Research article: Inside the Health Blogosphere: Quality, Governance and the New Innovation Leaders
Neil Seeman has published an interesting article in the Electronic Healthcare journal under the title “Inside the Health Blogosphere: Quality, Governance and the New Innovation Leaders“.
His goals were:
- to assess the degree to which information postings on health blogs were expert moderated, potentially influenced by industry sponsorship (both drug industry and general industry sponsorship) or influenced by other factors, notably political partisanship
- to assess the degree to which blogs protected users’ personal health
- to compare the degree to which popular health blogs published and commented on clinically relevant news as compared with popular Canadian newspapers
Neil identified the 100 most popular English-language health blogs and reviewed the top 50 according to his blog governance algorithm. Using Alexa he also calculated the three month average traffic rank for each blog.
|Blog governance scoring algorithm|
|Criterion of Interest||Maximum points possible|
|Moderated by trained clinicians/SMEs related to the topic (e.g., a diabetes nurse educator in the case of a diabetes-focused blog); all SME credentials were determined by reviewing editor/author biographies posted on the blog site||2|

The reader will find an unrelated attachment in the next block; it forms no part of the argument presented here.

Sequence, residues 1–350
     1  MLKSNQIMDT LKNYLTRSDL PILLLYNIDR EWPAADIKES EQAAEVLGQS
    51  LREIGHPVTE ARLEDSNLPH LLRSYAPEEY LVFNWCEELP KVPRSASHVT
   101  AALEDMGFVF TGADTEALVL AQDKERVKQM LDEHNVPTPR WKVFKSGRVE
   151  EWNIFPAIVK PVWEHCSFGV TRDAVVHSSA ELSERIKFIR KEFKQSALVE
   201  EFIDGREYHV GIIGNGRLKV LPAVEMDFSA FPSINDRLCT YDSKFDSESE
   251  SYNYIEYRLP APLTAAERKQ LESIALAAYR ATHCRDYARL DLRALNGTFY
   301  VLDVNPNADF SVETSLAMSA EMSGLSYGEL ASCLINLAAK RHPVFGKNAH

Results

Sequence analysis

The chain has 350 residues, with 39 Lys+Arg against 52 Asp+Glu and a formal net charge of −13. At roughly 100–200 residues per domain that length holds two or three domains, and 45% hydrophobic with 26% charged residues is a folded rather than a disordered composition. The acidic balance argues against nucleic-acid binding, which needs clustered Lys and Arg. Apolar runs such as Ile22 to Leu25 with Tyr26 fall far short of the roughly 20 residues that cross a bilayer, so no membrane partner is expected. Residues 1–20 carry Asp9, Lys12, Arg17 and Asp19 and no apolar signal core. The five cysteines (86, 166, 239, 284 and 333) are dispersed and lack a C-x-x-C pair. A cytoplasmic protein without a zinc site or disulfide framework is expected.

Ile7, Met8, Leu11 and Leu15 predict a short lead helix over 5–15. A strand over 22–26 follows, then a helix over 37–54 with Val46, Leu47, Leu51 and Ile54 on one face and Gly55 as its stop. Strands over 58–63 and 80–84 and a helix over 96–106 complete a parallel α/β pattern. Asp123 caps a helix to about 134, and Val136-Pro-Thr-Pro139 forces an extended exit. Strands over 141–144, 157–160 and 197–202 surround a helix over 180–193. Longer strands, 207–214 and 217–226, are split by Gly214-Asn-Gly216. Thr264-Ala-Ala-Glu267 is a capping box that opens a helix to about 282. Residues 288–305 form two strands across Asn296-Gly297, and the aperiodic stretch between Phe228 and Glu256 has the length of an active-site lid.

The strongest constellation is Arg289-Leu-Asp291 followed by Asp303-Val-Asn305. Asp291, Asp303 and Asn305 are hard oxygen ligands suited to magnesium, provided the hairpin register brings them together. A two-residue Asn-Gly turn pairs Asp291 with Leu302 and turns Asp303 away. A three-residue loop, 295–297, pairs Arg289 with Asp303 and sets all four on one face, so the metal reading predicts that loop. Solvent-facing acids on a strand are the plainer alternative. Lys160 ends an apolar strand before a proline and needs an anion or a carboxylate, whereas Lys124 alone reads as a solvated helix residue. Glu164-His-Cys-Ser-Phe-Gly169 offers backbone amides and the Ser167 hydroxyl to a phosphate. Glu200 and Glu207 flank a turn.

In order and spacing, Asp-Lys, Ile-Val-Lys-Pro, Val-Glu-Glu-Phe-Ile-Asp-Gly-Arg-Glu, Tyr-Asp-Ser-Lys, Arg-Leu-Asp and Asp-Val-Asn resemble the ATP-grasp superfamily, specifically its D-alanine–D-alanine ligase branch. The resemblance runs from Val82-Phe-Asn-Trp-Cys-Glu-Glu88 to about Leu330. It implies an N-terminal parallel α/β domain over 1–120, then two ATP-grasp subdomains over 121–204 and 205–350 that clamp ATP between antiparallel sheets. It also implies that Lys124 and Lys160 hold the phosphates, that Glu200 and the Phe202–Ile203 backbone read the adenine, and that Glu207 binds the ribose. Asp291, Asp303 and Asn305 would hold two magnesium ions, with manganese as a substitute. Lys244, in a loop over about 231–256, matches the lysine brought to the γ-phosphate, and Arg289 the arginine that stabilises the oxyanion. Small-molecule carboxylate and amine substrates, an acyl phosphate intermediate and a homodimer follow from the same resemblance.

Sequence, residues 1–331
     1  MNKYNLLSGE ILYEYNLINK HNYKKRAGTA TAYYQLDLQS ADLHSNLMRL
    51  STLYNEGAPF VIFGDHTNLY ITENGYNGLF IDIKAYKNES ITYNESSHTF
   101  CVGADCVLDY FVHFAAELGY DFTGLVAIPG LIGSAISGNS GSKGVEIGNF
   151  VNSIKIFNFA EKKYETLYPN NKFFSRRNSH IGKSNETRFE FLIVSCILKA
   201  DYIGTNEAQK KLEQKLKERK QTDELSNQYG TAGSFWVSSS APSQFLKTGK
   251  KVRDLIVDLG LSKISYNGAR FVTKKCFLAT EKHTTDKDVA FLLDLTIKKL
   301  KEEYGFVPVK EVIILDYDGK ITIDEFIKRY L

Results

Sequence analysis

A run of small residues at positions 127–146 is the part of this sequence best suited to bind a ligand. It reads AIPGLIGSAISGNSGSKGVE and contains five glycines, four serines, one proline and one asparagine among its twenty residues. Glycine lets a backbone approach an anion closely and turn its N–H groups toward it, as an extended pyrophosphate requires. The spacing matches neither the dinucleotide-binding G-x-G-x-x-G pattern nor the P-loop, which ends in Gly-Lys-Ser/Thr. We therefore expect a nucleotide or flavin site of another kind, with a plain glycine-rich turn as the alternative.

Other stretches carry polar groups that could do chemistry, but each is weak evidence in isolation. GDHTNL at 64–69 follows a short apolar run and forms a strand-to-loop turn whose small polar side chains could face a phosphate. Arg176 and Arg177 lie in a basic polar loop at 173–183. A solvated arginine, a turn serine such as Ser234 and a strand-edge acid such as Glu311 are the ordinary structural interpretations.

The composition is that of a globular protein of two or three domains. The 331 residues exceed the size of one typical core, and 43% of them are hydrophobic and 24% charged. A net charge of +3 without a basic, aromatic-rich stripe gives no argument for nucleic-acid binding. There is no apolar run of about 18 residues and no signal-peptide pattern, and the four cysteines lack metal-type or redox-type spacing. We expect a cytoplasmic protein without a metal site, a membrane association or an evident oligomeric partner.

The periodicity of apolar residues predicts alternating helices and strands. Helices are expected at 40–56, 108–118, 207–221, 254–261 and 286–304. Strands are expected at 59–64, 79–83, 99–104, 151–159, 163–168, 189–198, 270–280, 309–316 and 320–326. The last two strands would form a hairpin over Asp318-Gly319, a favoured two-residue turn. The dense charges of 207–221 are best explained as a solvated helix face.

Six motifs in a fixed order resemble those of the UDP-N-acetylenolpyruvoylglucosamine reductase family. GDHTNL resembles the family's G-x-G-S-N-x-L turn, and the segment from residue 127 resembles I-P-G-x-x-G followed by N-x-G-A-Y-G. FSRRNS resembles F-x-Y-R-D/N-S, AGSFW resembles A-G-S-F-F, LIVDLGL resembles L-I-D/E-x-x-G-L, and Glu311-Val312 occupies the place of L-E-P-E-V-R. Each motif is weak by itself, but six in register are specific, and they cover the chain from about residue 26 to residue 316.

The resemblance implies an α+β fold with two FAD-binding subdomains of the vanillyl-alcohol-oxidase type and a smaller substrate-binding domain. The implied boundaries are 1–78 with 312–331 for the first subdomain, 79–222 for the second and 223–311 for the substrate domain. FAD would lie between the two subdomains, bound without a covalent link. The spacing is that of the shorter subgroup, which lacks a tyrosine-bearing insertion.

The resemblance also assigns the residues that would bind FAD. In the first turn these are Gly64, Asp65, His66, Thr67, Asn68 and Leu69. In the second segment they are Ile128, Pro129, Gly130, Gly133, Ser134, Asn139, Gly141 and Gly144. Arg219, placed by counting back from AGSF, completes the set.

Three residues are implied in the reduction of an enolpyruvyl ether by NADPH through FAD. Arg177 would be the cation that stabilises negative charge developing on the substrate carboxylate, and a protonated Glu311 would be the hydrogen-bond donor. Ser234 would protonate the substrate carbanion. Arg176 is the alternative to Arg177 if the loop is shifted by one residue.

|Lack of general industry sponsorship (as demonstrated through advertisement on home page)||2|
|Lack of drug industry sponsorship (as demonstrated through advertisement on home page)||2|
|Prominently displayed code (either on the home page or linked from the home page) making users confident in the privacy protection offered to users of the blog (e.g., HONcode principles displayed)||2|
|Lack of political or plainly partisan editorializing by editor on drug topics or health policy topics||2|
|Number of the top 10 medical stories of 2007 posted (and discussed in blog-threaded discussions)||10|
- More than 90% of examined health blogs have no drug industry sponsorship or overt partisanship that is readily detectable by the user. Sixty percent of the most popular health blogs are moderated partially or fully by experts, usually practicing clinicians. Around 45% of the health blogs offer users clear confidence regarding the privacy of user-submitted content.
- Major Canadian newspapers (on average) covered 37% of what clinical experts considered critically important medical news in 2007. The most popular 50 health blogs, on average, covered just 23% of these stories. However, general interest blogs fare at least as well as and usually significantly better than general interest newspapers in reporting critical medical stories.
- Most popular blogs are not those that are all things to all people.
- Expert moderation has a positive difference to the quality of health blogs regarding governance and user popularity.
The author proposes a strategic framework for a long lasting patient centered blog which suggests that, beyond the good governance practices, content accountability and journalistic best practices are important.
Inside the health blogosphere: quality, governance and the new innovation leaders. Seeman N. Healthc Q. 2009;12:99-106.